Sayegh's bearding arrangements with Hill Thompson and Baird Patrick constituted an improper attempt to influence artificially the price of ICP. (Tr. 1223-24, 1228-30).
In August 1988, Sayegh and Cranley asked Militano and Sonneberg to warehouse 210,000 ICP shares in 056 Group customer accounts. This transaction was to be a temporary measure while Moore & Schley sought legitimate buyers for ICP. (Tr. 130-31, 318-19, 684-85). Sayegh knew that Militano's customers were unlikely to pay for these ICP shares. (Tr. 498-99).
Moore & Schley sold these ADRs from its proprietary accounts at $ 11 per ADR to 056 Group customers without crediting any sales commissions to the 056 Group. (Stipulated Facts P 69, p. 19; PX 318). Militano and Sonneberg received no commission on these transactions in an effort to offset losses sustained from the February cancel/rebill and the purchase of the Brick ADRs at a discount. (Tr. 308-09, 314, 685, 687).
By engaging in the activities described above and participating with Cranley, Core, Militano and Sonneberg, Sayegh maintained the price of ICP ADRs at artificially high levels from the fall of 1987 through early 1989.
Conclusions of Law
The facts lead to the inescapable conclusion that Sayegh violated § 10(b) of the Exchange Act (15 U.S.C. § 78j(b)) and Rule 10b-5 thereunder (17 C.F.R. § 240.10b-5). Section 10(b) and Rule 10b-5 prohibit fraudulent conduct "by the use of any means or instrumentality of interstate commerce or of the mails," and prohibits, in connection with the purchase or sale of any security, the use of "any manipulative or deceptive device or contrivance." Sayegh's activities used "the means" and "instrumentalit(ies) of interstate commerce," and "of the mails."
Section 9(a)(2) of the Exchange Act [ 15 U.S.C. § 78i(a)] makes it unlawful to engage in manipulative activities with respect to securities registered on a national securities exchange. When manipulative conduct is engaged in with respect to an OTC security, that conduct violates § 10(b) of the Exchange Act and Rule 10b-5 thereunder. SEC v. Resch-Cassin & Co., 362 F. Supp. 964, 975 (S.D.N.Y. 1973). The S.E.C. has proven by a preponderance of the evidence that Sayegh by using the means or instrumentalities of interstate commerce and the mails, in connection with the purchase or sale of a security traded in the OTC market, with scienter, effected a series of transactions that created actual or apparent active trading in the security, or raised or depressed the price of the security, and that these transactions operated as a fraud or deception on the market for the security at issue, the ICP ADRs. Aaron v. SEC, 446 U.S. 680, 695-96, 64 L. Ed. 2d 611, 100 S. Ct. 1945 (1980); SEC v. C.M. Joiner Leasing Corporation, 320 U.S. 344, 355, 88 L. Ed. 88, 64 S. Ct. 120 (1943); Crane v. Westinghouse Air Brake Co., 419 F.2d 787, 795-96 (2d Cir. 1969), cert. denied, 400 U.S. 822, 27 L. Ed. 2d 50, 91 S. Ct. 41 (1970); United States v. Charnay, 537 F.2d 341, 350 (9th Cir.), cert. denied, 429 U.S. 1000 (1976); SEC v. Graystone Nash Inc., 820 F. Supp. 863, 870-72 (D.N.J. 1993), rev'd on other grounds, 25 F.3d 187 (3d Cir. 1994); Resch-Cassin, 362 F. Supp. at 975. In re Michael Batterman, 46 S.E.C. 304 (1976) sets forth the elements of a § 9(a) violation which have been met here.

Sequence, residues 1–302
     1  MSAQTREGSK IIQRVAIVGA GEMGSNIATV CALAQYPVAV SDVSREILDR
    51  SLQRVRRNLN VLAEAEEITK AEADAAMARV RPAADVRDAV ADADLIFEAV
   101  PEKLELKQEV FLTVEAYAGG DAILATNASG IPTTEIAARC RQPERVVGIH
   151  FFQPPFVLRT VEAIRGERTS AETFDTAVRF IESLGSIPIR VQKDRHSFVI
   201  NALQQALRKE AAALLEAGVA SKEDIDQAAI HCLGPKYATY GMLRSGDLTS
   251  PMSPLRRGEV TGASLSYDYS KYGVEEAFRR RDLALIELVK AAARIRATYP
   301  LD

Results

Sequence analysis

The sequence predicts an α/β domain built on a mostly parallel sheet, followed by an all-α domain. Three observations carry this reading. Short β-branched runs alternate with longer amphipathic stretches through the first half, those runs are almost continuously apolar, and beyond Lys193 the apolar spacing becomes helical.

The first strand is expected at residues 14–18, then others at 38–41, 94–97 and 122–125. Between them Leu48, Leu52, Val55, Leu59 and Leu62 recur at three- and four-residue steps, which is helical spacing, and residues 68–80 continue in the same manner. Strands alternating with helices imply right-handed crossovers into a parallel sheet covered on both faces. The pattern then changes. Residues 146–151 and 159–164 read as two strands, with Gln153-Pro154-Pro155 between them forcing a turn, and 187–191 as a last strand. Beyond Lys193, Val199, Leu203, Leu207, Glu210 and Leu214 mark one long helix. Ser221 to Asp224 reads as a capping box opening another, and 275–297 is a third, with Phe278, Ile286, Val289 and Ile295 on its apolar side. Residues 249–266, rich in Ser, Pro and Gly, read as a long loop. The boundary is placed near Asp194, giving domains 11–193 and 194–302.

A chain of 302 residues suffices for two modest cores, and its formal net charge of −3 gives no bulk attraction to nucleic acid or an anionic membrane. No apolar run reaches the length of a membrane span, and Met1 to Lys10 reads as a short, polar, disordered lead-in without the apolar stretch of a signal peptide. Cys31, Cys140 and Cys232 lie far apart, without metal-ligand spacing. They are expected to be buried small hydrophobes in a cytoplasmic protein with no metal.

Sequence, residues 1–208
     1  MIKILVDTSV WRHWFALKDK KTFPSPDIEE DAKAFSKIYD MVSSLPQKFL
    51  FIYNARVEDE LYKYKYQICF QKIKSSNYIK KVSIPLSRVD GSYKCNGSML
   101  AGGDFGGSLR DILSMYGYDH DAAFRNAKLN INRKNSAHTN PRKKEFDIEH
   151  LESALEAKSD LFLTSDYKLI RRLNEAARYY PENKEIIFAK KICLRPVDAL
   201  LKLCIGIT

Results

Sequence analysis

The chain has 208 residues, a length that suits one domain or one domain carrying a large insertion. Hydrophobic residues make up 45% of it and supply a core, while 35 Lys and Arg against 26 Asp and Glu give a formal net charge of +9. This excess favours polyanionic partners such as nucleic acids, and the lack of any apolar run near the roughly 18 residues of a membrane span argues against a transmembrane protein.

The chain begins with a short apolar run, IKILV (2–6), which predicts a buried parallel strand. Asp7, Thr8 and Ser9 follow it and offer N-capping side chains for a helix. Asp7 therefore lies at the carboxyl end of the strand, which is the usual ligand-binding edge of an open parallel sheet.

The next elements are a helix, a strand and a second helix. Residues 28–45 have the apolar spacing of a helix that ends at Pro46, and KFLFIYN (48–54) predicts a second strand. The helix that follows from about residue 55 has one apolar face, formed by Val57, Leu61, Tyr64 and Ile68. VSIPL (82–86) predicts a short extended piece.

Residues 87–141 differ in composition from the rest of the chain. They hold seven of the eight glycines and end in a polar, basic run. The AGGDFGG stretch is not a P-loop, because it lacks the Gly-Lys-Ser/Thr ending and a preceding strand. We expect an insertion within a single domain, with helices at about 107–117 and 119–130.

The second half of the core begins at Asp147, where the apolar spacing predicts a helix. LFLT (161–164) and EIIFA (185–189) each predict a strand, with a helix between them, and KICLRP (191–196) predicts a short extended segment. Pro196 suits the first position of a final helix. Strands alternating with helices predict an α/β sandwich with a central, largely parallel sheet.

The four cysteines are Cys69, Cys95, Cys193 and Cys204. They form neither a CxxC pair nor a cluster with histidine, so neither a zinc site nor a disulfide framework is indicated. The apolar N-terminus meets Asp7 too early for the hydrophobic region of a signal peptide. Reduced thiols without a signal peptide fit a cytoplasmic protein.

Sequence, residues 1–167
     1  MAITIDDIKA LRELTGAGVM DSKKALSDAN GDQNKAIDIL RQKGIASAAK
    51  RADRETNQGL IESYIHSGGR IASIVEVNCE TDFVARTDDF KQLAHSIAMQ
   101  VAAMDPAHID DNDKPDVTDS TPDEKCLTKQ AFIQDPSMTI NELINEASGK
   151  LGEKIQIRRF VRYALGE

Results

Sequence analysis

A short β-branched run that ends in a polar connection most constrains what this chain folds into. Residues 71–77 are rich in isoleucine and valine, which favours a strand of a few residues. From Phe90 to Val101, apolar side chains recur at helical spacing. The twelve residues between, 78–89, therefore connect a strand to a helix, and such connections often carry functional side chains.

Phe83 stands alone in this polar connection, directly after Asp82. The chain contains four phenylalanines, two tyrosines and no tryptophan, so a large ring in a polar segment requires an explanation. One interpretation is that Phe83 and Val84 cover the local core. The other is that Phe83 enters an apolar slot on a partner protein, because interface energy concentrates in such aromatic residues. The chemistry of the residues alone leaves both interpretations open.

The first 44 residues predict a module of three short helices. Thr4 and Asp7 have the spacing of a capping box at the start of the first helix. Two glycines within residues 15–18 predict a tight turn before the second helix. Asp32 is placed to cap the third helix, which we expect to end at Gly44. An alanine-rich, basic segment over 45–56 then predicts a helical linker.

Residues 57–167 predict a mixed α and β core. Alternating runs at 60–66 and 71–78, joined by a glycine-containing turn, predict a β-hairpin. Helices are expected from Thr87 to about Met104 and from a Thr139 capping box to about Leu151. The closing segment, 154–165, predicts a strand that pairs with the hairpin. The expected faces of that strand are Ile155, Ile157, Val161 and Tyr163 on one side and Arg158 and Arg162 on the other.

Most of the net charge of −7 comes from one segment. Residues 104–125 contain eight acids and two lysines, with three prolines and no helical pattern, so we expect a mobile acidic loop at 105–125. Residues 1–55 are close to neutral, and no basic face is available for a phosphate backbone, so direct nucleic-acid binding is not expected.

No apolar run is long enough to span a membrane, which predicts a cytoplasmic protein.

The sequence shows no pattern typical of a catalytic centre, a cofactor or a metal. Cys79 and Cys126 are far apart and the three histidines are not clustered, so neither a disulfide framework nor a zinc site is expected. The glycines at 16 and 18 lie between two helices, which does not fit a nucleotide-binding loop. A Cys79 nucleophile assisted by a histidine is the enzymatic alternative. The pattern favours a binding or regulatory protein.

Sayegh set Moore & Schley's bids and offers for ICP, executed ICP ADR purchase and sale transactions for both Moore & Schley firm and customer accounts and set Hill Thompson's and Baird Patrick's bids for ICP, as well as directed their purchases of ICP on Moore & Schley's behalf. At the relevant times, ICP ADRs were traded in the OTC market through the NASD's NASDAQ system. Thus, Sayegh's conduct occurred in connection with the purchase or sale of ICP ADRs.
Scienter involves an "intent to deceive, manipulate, or defraud." Ernst & Ernst v. Hochfelder, 425 U.S. 185, 194, 47 L. Ed. 2d 668, 96 S. Ct. 1375 (1976); Aaron, 446 U.S. at 695-96. Scienter may be established by proving conduct that was knowing, intentional, or reckless, as opposed to merely negligent. Shields v. Citytrust Bancorp, Inc., 25 F.3d 1124, 1128 (2d Cir. 1994); SEC v. Hasho, 784 F. Supp. 1059, 1107 (S.D.N.Y. 1992). The evidence is most persuasive that Sayegh knowingly or recklessly participated in the manipulation of ICP ADRs. He was aware that a decline in the price of ICP would have had a substantial negative effect on Moore & Schley's net capital position. He knowingly took affirmative steps to maintain the price of ICP. Sayegh posted high bids for, and aggressively purchased, ICP ADRs on behalf of Moore & Schley from October 1987 through December 1988. This was despite knowledge that these bids and purchases were not based on any true firm or customer demand. Sayegh executed cross trades to avoid liquidations of ICP resulting from Reg T violations. Sayegh requested Militano and Sonneberg to place ICP in their customers' accounts, knowing that the customers were not going to pay for the trades. He used other market makers to post bids and make purchases on behalf of Moore & Schley to create the appearance in the open market that there was a demand for ICP. Sayegh discouraged ICP sales into the open market by Moore & Schley brokers and by Brick. Sayegh was fully aware of the consequences of his actions. He acted with scienter.
There is no question but that Sayegh's conduct between September 1987 and the beginning of 1989 involved a series of transactions in ICP ADRs which included the following:
(1) placing Moore & Schley's bids and offers for ICP;
(2) buying and selling ICP ADRs for both Moore & Schley's firm and customer accounts;